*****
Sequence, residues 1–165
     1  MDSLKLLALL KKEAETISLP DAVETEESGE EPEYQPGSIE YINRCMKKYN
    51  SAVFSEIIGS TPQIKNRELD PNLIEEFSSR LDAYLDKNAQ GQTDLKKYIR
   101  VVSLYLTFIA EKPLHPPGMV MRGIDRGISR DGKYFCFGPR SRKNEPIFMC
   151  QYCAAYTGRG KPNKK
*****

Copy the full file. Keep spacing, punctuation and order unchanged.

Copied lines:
Sequence, residues 1–165
     1  MDSLKLLALL KKEAETISLP DAVETEESGE EPEYQPGSIE YINRCMKKYN
    51  SAVFSEIIGS TPQIKNRELD PNLIEEFSSR LDAYLDKNAQ GQTDLKKYIR
   101  VVSLYLTFIA EKPLHPPGMV MRGIDRGISR DGKYFCFGPR SRKNEPIFMC
   151  QYCAAYTGRG KPNKK